"This action takes the criminality of the spy agencies to an entirely new level,” London School of Economics data protection and internet rights experts Simon Davies told Sputnik on Friday. “The theft of encryption keys on such a huge scale exposes the agency [GCHQ] to a claim that it breached the Computer Misuse Act.”
Davies argued that the US Congress and the UK Parliament have to intervene to rein in the spying agencies.
“The agencies are clearly out of control. Oversight of their activities has failed almost entirely to bring them within the rule of law. If action is not taken soon, trust in electronic communications will vanish entirely,” he said.
“Sadly, the US Constitution does little to help all of the non-US citizens in the world who used phones with these potentially compromised chips,” Rouse said.
Rouse added that NSA’s and GCHQ’s desire to decrypt various communications clashes with the basic notions of privacy and freedom from government intrusion. “The indiscriminate ability for any government to monitor communications around the globe is an affront to basic privacy rights,” he said.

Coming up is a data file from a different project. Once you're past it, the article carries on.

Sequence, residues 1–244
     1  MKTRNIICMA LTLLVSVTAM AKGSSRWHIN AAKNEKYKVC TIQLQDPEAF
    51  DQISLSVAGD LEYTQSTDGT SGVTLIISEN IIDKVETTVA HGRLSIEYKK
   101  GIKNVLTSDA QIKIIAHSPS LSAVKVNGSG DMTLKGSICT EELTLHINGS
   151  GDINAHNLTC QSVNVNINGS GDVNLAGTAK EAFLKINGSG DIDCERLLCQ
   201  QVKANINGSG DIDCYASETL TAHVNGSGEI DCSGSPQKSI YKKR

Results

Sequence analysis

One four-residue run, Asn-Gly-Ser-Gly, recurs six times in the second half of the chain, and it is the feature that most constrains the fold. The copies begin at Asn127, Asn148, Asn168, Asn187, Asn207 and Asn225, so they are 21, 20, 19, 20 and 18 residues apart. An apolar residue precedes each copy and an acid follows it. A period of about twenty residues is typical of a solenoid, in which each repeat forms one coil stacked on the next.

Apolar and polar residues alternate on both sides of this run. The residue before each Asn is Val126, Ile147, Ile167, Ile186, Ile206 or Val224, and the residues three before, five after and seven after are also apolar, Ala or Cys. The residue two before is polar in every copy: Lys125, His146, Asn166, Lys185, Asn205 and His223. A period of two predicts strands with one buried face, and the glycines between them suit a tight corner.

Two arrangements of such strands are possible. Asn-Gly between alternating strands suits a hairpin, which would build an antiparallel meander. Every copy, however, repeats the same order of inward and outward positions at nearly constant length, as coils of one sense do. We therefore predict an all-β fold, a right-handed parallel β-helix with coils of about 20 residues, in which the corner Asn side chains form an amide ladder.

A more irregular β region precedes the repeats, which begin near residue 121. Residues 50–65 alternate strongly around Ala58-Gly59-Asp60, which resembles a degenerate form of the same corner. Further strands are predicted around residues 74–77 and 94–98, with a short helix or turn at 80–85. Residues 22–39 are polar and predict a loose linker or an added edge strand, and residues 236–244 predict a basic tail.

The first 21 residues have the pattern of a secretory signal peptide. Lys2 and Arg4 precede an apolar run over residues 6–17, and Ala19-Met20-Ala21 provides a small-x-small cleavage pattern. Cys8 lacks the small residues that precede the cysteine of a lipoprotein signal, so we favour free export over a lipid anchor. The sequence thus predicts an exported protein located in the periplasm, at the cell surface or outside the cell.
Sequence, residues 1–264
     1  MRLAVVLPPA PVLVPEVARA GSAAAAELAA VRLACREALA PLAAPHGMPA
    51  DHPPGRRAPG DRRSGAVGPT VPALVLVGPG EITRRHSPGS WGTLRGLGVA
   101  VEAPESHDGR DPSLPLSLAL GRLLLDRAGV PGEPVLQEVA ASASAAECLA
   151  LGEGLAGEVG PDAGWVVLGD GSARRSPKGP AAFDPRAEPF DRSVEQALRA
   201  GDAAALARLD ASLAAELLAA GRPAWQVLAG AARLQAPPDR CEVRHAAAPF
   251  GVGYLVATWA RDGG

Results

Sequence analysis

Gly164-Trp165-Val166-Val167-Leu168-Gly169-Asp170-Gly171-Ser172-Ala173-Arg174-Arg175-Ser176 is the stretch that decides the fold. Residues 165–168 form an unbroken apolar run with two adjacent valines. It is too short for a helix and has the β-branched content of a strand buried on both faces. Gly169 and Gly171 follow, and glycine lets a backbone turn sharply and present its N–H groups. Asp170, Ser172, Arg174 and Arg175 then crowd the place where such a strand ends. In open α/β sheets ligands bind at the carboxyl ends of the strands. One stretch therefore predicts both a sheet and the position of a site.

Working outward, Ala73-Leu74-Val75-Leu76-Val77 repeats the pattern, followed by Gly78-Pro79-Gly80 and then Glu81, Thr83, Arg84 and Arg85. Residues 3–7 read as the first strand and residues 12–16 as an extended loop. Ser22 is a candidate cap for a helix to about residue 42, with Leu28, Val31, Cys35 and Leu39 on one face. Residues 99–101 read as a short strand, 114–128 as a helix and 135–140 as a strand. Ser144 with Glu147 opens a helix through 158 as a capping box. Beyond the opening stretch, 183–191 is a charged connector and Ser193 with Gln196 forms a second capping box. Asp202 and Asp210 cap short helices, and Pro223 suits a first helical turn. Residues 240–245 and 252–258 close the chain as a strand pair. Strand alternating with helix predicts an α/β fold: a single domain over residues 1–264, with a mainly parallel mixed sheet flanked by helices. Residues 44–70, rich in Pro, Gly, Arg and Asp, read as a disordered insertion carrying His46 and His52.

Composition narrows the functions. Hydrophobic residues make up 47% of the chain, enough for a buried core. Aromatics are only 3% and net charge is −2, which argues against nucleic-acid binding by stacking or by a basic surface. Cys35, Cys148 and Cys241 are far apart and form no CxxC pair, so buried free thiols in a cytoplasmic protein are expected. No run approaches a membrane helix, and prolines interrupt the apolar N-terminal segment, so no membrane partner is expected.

The details of the breach were discovered in a secret 2010 GCHQ document given to The Intercept by former NSA-contractor and whistleblower Edward Snowden.
Snowden’s leak of classified documents revealed that the NSA runs massive surveillance programs without a warrant, and searches through databases for private information about US citizens, foreigners and leaders of allied countries.